4. The personality traits you’re looking for should form part of the JD that you are creating and you should write the JD in a way that would attracts such personality traits.
  5. Despite the importance of personality in hires, one of the biggest faults that inexperienced hirers make is to hire for potential, inexperienced hirers will often highlight how the personality traits they’ve spotted suit the role, even with no evidence that the candidate has done tasks that the role would require. This is risky especially for a startup, a company isn’t a school, time is more valuable than investment and you typically need candidates who have evidence of experience and results, the more senior the role the more critical and essential this becomes. You don’t want to hire a candidate who has to potential the be a COO you want someone who has proven they have done it. Hiring for potential allows for confidence to replace competence, resulting in dunning-kruger mistakes, in senior roles this can create problems that can take a long time to rectify. It’s therefore much better to hire on competency and capabilities and evaluate based on proven results and accomplishments. Note, you should screen deeply for this so that you can determine of these results and accomplishments are real and the candidate truly contributed and isn’t simply claiming credit.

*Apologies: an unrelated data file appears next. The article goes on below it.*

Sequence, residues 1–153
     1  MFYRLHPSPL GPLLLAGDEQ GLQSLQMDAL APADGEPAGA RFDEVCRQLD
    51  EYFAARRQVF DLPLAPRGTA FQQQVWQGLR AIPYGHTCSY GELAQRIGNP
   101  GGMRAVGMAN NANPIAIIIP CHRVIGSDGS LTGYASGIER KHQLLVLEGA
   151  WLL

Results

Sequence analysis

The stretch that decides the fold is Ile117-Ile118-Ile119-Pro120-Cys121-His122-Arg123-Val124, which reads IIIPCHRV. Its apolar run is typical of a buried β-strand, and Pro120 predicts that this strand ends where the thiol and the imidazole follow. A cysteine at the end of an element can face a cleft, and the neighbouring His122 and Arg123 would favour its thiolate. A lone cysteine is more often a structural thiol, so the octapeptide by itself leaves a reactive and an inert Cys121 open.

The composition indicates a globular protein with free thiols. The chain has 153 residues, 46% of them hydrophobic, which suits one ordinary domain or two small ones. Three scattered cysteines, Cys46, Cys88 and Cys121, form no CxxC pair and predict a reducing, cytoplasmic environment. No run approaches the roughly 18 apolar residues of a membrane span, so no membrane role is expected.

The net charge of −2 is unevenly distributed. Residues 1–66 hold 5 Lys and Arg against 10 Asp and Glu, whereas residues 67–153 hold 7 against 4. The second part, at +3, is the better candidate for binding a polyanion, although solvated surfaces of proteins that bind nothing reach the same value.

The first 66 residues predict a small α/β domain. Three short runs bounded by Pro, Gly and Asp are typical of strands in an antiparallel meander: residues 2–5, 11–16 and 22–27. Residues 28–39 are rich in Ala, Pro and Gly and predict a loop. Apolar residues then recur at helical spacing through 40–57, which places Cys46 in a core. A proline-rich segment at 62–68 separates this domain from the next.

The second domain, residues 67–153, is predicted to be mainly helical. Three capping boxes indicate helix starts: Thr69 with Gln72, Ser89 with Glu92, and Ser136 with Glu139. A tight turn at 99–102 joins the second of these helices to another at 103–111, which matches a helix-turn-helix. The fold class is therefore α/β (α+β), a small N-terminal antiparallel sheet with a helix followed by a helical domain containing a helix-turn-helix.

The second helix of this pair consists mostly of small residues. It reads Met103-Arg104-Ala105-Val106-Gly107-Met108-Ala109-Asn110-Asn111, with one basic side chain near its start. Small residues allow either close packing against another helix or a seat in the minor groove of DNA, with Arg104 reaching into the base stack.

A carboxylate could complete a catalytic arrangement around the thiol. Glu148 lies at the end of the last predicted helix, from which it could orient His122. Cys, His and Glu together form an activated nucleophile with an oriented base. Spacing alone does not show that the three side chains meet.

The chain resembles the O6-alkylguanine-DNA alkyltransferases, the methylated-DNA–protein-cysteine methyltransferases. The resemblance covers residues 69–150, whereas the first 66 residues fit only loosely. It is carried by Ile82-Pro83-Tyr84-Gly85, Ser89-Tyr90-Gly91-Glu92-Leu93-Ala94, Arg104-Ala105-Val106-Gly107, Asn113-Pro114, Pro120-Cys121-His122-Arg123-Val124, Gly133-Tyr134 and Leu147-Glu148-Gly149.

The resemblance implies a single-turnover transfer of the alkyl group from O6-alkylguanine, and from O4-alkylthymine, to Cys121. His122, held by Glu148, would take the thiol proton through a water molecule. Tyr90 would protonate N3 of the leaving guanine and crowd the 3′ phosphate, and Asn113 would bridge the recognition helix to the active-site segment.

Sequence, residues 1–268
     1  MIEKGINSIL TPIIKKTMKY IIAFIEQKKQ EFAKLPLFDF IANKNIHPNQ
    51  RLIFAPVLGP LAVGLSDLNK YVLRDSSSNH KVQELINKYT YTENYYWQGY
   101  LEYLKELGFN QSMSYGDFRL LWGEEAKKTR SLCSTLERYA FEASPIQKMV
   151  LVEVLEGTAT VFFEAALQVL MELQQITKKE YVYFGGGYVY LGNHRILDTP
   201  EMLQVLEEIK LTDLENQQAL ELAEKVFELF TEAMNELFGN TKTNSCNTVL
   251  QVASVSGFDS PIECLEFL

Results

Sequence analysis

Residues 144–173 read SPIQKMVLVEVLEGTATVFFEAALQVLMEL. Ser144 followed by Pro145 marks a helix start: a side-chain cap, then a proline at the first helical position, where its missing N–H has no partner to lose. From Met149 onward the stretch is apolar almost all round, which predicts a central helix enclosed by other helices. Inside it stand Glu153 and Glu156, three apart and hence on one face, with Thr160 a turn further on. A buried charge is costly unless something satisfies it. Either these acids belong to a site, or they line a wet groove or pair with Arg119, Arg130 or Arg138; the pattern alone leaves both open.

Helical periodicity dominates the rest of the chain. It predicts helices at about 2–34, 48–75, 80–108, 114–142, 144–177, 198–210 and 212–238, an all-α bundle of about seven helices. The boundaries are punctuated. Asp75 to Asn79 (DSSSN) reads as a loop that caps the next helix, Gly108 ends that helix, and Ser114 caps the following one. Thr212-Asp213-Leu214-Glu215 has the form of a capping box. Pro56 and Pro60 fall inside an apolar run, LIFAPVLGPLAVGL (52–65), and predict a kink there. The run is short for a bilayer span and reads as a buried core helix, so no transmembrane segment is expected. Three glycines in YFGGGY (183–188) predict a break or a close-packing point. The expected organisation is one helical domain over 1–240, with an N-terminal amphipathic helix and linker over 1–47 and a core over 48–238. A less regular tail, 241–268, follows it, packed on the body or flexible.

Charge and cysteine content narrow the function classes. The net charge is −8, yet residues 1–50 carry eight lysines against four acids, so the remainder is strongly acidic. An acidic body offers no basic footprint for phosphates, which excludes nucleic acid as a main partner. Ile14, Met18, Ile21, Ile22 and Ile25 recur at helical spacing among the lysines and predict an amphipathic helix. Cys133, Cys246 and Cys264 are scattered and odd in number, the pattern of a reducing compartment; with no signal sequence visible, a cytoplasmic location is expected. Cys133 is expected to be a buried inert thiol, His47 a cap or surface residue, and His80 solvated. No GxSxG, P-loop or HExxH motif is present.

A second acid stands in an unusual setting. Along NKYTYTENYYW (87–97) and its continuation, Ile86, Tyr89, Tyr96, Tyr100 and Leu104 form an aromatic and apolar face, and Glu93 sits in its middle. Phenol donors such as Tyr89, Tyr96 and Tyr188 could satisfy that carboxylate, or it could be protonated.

6. The more senior you are, the more you need to calibrate your management style to the level junior to you, you need to calibrate down due to experience, as well as role and breadth of strategic view, expecting a junior staff member to know how to behave or manage up is like expecting a toddler to know how to behave in a cinema, without training, education, mentorship and reinforcement, not only would a toddler no even know it was an issue, the toddler won’t know what the correct behaviour should be. Thus a manager or executive is unlikely to really know how to manage up without guidance and leadership, so its incumbent on the director or leader to calibrate their management style to meet the inexperience of a junior level.
  7. In parallel with calibrating your management style for subordinates, you need to also calibrate your oversight, the more junior someone you manage is the more touchpoint, control, and process you need to support them. The more experience gap there is – the more process you need. These processes and touch points need to be proportional to experience and trained.

Leave a Reply

Your email address will not be published. Required fields are marked *